Undertaken by a team at the University of Virginia in conjunction with Happy City and Street Plans Collaborative, this study is one of the few covering the emerging field of “blue health.”
This autumn I become my own study in human adaptation, as I moved across the Atlantic to America to become the Professor in Design and Health at the Architecture School, University of Virginia.
The diagnosis of a potentially life threatening illness is catastrophic news for the individual and their family and friends.
A child said, What is the grass? fetching it to me with full hands; How could I answer the child?
The research implications, for the design of our neighbourhood communities, and the workplace, is huge.
I’ve been fortunate most of my life to have access to a garden or a nearby park … time to simply sit, contemplate and de-stress.
Arriving in a new city or town for the first time, I always map and locate its Botanic Gardens…
What is it about water features in our cities that seem to have such magnetic power over busy adults and boisterous children?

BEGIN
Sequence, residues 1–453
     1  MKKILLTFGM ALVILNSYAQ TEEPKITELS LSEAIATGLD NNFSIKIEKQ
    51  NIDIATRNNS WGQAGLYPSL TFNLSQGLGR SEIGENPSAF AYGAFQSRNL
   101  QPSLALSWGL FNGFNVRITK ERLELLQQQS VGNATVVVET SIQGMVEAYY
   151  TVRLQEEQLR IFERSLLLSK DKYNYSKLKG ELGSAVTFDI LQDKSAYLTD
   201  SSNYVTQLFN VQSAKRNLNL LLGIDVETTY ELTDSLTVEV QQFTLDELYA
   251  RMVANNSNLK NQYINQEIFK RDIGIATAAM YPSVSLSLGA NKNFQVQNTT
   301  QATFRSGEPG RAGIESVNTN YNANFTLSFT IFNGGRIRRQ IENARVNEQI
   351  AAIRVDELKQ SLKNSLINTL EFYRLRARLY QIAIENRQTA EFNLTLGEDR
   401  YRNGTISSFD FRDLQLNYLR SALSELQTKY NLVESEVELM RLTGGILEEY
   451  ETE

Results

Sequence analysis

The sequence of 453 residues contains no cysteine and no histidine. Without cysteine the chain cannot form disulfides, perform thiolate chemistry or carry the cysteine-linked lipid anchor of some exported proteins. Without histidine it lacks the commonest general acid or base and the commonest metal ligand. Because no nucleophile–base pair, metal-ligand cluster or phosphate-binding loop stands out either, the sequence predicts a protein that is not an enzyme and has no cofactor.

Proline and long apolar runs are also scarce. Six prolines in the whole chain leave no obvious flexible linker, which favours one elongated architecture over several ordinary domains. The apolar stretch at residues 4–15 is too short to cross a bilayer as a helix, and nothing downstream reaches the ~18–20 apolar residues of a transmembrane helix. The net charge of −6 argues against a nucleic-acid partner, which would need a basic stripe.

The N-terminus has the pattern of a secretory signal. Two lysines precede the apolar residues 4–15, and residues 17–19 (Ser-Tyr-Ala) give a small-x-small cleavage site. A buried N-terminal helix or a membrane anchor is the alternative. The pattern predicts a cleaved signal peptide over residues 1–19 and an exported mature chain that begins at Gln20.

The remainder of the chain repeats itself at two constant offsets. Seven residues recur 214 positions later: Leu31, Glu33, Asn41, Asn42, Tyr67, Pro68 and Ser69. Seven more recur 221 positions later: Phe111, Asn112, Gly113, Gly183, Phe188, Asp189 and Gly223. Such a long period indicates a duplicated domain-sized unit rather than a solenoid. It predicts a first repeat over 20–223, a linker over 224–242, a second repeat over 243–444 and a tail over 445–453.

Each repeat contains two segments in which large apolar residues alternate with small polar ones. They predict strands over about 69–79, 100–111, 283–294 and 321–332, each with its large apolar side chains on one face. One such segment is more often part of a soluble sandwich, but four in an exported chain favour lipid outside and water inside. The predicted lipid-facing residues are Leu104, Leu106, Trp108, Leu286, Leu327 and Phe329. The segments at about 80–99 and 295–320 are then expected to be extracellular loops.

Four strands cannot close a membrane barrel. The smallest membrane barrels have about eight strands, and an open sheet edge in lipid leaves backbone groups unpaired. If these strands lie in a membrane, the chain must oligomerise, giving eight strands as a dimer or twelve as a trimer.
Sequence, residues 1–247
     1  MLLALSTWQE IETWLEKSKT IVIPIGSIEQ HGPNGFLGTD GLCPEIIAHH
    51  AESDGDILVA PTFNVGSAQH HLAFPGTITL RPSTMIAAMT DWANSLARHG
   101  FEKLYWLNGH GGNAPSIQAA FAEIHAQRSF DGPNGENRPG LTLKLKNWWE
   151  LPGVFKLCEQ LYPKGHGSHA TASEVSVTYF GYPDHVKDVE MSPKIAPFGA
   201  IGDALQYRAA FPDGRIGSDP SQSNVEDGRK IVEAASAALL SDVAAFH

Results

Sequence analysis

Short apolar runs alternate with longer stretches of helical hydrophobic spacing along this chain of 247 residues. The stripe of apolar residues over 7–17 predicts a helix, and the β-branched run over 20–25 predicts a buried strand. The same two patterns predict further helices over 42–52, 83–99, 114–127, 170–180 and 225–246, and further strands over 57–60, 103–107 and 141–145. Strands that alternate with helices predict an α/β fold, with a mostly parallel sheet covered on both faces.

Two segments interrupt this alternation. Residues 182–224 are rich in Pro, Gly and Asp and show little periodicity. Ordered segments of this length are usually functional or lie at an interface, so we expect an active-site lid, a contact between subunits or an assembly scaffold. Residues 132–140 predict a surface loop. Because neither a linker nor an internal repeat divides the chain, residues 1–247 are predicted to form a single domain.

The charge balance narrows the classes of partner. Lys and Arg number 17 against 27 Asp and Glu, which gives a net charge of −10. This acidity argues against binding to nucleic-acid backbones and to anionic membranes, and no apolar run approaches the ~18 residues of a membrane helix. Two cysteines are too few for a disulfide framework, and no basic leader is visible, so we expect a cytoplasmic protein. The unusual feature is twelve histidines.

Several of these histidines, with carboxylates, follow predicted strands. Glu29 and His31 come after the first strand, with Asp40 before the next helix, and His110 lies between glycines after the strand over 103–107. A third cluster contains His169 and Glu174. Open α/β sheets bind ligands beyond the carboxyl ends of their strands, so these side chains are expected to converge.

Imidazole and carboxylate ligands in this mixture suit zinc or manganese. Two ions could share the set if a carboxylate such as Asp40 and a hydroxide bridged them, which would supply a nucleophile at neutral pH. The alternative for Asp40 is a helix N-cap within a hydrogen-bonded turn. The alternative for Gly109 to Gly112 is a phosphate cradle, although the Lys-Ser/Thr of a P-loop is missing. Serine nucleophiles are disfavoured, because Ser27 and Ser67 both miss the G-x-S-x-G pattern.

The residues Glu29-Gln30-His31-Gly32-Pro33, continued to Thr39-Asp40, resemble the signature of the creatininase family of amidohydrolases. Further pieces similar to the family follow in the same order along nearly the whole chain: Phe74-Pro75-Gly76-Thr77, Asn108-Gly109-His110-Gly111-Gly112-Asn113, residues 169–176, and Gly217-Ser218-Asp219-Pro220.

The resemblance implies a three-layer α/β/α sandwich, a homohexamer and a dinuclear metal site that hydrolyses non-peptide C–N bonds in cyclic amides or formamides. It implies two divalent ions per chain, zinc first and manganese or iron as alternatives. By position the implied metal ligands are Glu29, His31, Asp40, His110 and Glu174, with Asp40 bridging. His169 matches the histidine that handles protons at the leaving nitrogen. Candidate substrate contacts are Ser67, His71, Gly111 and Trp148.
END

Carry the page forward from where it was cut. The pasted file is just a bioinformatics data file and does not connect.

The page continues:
Over the last twenty years urban populations have been increasing by over three million people per week. That’s equivalent to creating a new Boston, every working day somewhere in the world.
Have you ever experienced that terrifying, totally paralysing, sense of being trapped in a place that you could see absolutely no escape from?
Universally we reward brand new glossy buildings and landscape – forgetting that these shiny new stars of the built environment don’t always hold up to their promise.
I have my own thinking route, the Meadows – a large green space in Edinburgh – which I jog around early morning or late evening and the birthplace of many an idea for my next seminar or research project.